It’s a heady moment of triumph for a learner of any language: speaking to another person using newly acquired words and being understood. Words are, first and foremost, sounds – English learners must be able to speak and listen effectively to communicate well.
We know that English students around the world find speaking skills more challenging than reading and writing. In our global survey of 6,000 English language learners, 44% of respondents said speaking was the most difficult aspect of learning English. There are many reasons why. Lack of practice, limited access to native English speakers and time and resource constraints all contribute to speaking being seen as the most challenging skill. Recently, the British Council released a series of in-depth research papers on English learning in seven of the largest economies in Latin America. In each country, speaking proficiency ranked behind reading and writing. Focus groups run by Pearson English with teachers in the Middle East had similar findings.
So, how can someone overcome this challenge? For those who have taken the time to begin learning English, extensive listening is a terrific tool for improving both comprehension and speaking skills. Using a graded audiobook or podcast instead of, or even alongside, a graded reader helps students improve their spoken English skills by providing the opportunity to listen to the pronunciation and context of words. All the advantages and methods of extensive reading apply: learners can choose to listen to a story that interests them, at a difficulty level they’re truly comfortable with. It’s also about the joy of the story, rather than just the deliberate acquisition of a skill – the focus is on meaning rather than form. Learners can listen to as much of the story as they want to, whenever they feel like it, and climb through the difficulty levels as they start to feel more confident.
There’s empirical evidence that extensive listening delivers real results. Dr Hayo Reinders and Min Young Cho summarise this well:
Extensive listening has been shown to have considerable benefits for vocabulary development, accent recognition, and also students’ productive skills, in particular pronunciation and speaking (cf. Renandya & Farrell, 2010). There are also benefits to developing motivation. Many students report great satisfaction when they are first able to understand a news broadcast or a TV program, for example (Ryan, 1998).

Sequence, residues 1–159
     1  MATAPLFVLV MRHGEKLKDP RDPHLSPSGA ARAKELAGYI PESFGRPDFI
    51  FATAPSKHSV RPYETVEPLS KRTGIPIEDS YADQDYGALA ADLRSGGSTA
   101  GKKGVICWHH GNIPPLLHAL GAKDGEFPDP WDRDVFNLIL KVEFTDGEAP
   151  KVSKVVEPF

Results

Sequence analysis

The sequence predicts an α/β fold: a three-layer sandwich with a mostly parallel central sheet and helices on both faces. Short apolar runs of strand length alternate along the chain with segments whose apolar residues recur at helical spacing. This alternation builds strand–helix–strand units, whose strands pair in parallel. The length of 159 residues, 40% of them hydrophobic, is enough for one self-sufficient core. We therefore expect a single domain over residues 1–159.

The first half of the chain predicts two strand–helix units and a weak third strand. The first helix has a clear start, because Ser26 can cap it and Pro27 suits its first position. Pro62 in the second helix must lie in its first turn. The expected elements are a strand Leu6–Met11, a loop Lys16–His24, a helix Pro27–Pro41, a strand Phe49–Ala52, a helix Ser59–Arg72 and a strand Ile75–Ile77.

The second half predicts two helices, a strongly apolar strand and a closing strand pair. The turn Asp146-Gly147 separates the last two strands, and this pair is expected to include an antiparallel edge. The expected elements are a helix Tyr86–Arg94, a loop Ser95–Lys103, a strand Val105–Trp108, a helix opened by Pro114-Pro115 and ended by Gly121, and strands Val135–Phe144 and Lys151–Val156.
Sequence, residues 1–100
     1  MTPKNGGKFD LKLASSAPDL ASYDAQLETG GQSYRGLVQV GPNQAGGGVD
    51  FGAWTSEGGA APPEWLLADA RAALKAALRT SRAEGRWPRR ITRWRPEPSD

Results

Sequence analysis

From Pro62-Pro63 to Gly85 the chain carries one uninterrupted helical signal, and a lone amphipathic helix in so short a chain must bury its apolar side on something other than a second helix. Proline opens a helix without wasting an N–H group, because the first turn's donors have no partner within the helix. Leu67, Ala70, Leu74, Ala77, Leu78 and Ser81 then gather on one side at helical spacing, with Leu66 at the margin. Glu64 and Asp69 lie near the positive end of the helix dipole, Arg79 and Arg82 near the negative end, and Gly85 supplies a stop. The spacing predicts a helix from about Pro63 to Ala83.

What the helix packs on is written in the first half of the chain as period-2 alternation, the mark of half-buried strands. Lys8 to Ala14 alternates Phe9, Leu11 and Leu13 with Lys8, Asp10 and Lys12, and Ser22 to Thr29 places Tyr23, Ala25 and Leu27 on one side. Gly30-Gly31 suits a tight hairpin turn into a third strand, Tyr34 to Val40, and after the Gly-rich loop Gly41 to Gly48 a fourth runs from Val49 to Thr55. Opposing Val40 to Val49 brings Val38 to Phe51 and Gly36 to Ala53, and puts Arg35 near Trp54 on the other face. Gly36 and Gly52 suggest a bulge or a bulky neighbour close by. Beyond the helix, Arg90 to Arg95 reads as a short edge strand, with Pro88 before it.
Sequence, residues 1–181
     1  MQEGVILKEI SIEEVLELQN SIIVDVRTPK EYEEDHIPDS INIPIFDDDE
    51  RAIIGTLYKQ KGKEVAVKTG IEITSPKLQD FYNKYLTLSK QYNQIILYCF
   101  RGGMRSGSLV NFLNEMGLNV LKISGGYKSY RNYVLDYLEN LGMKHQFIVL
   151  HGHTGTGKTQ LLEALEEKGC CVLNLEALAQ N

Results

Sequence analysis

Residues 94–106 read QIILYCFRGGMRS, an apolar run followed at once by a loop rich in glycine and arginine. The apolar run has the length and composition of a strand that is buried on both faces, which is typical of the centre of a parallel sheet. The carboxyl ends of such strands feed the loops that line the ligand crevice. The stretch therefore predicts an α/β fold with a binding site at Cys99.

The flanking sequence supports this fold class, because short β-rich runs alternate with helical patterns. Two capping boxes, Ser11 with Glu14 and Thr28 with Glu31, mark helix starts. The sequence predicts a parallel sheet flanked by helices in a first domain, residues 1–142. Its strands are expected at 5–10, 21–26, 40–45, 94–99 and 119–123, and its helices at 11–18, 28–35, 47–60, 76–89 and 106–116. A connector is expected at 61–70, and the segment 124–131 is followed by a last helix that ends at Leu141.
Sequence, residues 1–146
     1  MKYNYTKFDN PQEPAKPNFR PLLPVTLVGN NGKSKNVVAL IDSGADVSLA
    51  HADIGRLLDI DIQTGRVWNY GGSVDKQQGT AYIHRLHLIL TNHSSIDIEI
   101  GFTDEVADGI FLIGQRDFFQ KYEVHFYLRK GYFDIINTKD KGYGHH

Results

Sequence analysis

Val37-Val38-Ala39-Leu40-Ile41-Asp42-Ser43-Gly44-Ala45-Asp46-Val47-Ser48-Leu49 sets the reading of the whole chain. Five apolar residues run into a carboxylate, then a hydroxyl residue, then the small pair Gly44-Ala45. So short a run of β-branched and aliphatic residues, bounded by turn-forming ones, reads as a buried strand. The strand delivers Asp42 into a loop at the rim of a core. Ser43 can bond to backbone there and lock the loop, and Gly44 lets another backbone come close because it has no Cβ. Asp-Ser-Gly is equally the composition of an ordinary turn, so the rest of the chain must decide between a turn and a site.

Exam practice benefits from extensive listening, too. Exposure to free-form listening texts helps to iron out early difficulties or common mistakes that may stick around and come out in times of stress – like an exam. Students become more accustomed to listening for longer periods of time. As listening portions of exams are often longer than the average course activity or YouTube clip, extensive listening can help prepare students.
Dr Hayo Reinders and Min Young Cho point out that extensive listening doesn’t always work well in class. It’s better for learners to develop the habit in their own time. Listening to audiobooks created specifically for English learners is a comfortable way to improve speaking and listening skills. Extensive Reading Central explains this well:
First, you need to learn the grammar and the vocabulary and so on…The second thing you need to learn is how the grammar and vocabulary go together to make communicative messages and how they live and breathe as a living thing. The best way to do this is to read or listen to language which you understand.
It’s the ‘understand’ bit that sets extensive listening apart. At Pearson English we’ve published extensive reading and extensive listening resources, aligned to the Global Scale of English, in the newly rebranded Pearson English Readers. There is also an intensive reading and listening series Pearson English Active Readers.
To help English learners around the world develop those good habits and improve their speaking and listening skills, we’re offering a new, best-selling Pearson English Readers audiobook and iTunes podcast for free each Friday for seven weeks, starting from the 8th of September. Titles include simplified versions of Melvyn Burgess’s Billy Elliot and John Escott’s Newspaper Chase, to name a couple. We’ll begin with the Easystart level and go all the way up to Level 6. Please visit https://readers.english.com/freeaudio from Tuesday 8th September to get started – there are free teacher resources for each title as well.
Whether your goal is to pass a high stakes university exam, apply for a job, understand English media or merely get around an English-speaking city, we hope you’ll hop online every Friday and try extensive listening.